Preston Guardian, Saturday, August 23, 1862
OPENING OF THE NEW ASSEMBLY ROOM,
BAZAAR AND BALL FOR THE
Visitors to Lytham, during the present year, will have noticed, rising on
the Beach," in front of the unrivalled esplanade which is so great an attraction at
Lytham, an elegant structure, where has hitherto stood a few old-fashioned
cottages, such as Lytham in the days of our grandfathers mainly consisted of.
This new building is intended for the baths, arranged on the best plan, and, along
with them, large and handsome assembly rooms, the want of which has long been felt
in Lytham. The baths are not yet completed so as to be available to the public,
but the assembly-rooms being finished, they have this week been opened by a bazaar
and a ball, and certainly no more attractive way could have been hit upon for
encouraging the room.
The bazaar was in aid of the funds of the Lytham (29th Lancashire) Rifle Corps, for
the ladies of Lytham felt that if they did not, like the ladies of other towns, do
their share in the way of supporting the volunteer movement, their public spirit,
if not their patriotism, might be challenged. If a little later in the movement
than some other places, they have done their work well, and no one who visited the
new Lytham Assembly-rooms on Wednesday and Thursday, could fail to be struck with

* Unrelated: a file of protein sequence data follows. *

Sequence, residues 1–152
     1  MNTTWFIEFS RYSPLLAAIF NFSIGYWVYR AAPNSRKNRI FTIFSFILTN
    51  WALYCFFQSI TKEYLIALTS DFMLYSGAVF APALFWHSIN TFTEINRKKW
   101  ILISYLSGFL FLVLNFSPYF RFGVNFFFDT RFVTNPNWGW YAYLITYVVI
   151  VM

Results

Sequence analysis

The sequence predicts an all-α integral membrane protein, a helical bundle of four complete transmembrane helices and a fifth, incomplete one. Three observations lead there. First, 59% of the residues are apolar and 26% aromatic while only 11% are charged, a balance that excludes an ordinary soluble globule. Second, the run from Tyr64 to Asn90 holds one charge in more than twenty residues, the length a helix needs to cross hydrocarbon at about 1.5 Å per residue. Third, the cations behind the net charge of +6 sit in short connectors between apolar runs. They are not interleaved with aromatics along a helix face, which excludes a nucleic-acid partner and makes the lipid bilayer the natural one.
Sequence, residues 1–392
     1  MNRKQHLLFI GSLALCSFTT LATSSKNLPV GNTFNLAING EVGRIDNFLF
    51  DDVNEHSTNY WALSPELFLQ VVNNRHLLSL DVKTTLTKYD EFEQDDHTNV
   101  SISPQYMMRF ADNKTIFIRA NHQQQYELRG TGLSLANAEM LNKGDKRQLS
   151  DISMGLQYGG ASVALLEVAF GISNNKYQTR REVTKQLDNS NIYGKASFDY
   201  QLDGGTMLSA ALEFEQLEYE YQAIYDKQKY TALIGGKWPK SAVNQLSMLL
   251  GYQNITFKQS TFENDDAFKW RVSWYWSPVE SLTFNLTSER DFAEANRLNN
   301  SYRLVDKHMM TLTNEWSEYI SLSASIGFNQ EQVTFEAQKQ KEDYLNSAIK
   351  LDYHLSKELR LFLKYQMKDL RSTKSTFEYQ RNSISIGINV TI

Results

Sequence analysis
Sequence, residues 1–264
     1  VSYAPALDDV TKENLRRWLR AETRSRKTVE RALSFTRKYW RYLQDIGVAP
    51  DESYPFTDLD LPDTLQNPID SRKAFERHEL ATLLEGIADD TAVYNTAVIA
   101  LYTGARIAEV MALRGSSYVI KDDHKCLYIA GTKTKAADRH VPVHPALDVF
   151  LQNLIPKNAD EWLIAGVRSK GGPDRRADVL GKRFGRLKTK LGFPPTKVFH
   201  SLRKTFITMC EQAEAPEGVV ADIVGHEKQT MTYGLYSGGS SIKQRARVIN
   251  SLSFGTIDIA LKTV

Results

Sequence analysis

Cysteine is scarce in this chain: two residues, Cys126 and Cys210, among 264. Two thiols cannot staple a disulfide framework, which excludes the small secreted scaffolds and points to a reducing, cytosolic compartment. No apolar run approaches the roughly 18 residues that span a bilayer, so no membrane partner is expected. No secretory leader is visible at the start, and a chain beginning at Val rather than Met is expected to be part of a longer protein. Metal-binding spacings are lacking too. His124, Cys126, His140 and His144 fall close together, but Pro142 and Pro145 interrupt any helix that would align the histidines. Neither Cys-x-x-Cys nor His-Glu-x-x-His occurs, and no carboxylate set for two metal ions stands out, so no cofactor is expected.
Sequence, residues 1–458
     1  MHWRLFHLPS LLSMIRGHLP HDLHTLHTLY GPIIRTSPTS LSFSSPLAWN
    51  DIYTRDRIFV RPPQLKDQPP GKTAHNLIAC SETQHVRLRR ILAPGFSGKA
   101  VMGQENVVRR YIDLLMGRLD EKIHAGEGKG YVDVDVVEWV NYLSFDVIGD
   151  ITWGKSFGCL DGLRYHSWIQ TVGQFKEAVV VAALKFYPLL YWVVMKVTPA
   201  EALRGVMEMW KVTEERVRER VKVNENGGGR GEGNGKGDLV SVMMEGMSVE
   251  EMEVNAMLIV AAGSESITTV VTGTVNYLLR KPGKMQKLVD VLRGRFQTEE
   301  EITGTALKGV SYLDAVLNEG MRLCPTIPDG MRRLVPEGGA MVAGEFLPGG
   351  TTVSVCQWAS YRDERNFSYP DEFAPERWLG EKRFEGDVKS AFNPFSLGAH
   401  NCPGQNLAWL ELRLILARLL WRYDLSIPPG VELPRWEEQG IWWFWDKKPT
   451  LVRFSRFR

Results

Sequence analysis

the industry and the good taste which had been brought to bear on the work, which
had resulted in such a successful exhibition, and which evidently showed the warm
feeling of the fair sex for the patriotic movement.
The room itself is spacious and handsome, and on Wednesday morning, when it bad
undergone decoration at the hands of Mr. Bell, of Lytham, who, with Mr. Collinson
and Miss. Greaves, had arranged the numerous trophies, (lace, banners, arches,
festoons, &c., and when the handsomely trimmed and elegantly finished stalls
were opened to public view, the coup
was truly splendid.
There was a stall occupying the east end of the room, which was presided over by
Mrs. Talbot Clifton, who was assisted in the disposal of her wares by Miss Fludyer;
also by the youthful heir of the Clifton family. Her stall contained a number of
most valuable articles, contributed by her friends, of the character usually seen
at bazaars, and a large assortment of useful articles in wooden ware, from King's
Cliff, Northamptonshire; also a selection of Minton's china ware; and some
exquisite specimens of needlework.
Stall No. 2 was presided over by Mrs. Fair, Mrs. T. Fair, and the Misses Fair.
Among one the contributions to this well-furnished stall was a small bed, complete
in all its appointments; toilet articles, in great variety; elegant needlework
fender stools, in walnut frames; contributions from Canada; fruit, in waxwork;
vases, with paper flowers; cases of moths, &c., &c.
Stall No. 3 had been provided by Mrs. Stevenson, Miss Stevenson, and Miss
Hincksman, who were assisted in the disposal of their wares by Miss Macdonald, and
Miss Fletcher, of
Leyland. They had amassed a vast quantity of tasteful articles in needlework,
including an excellent copy of " Feeding the horse;" a particularly elegant chair,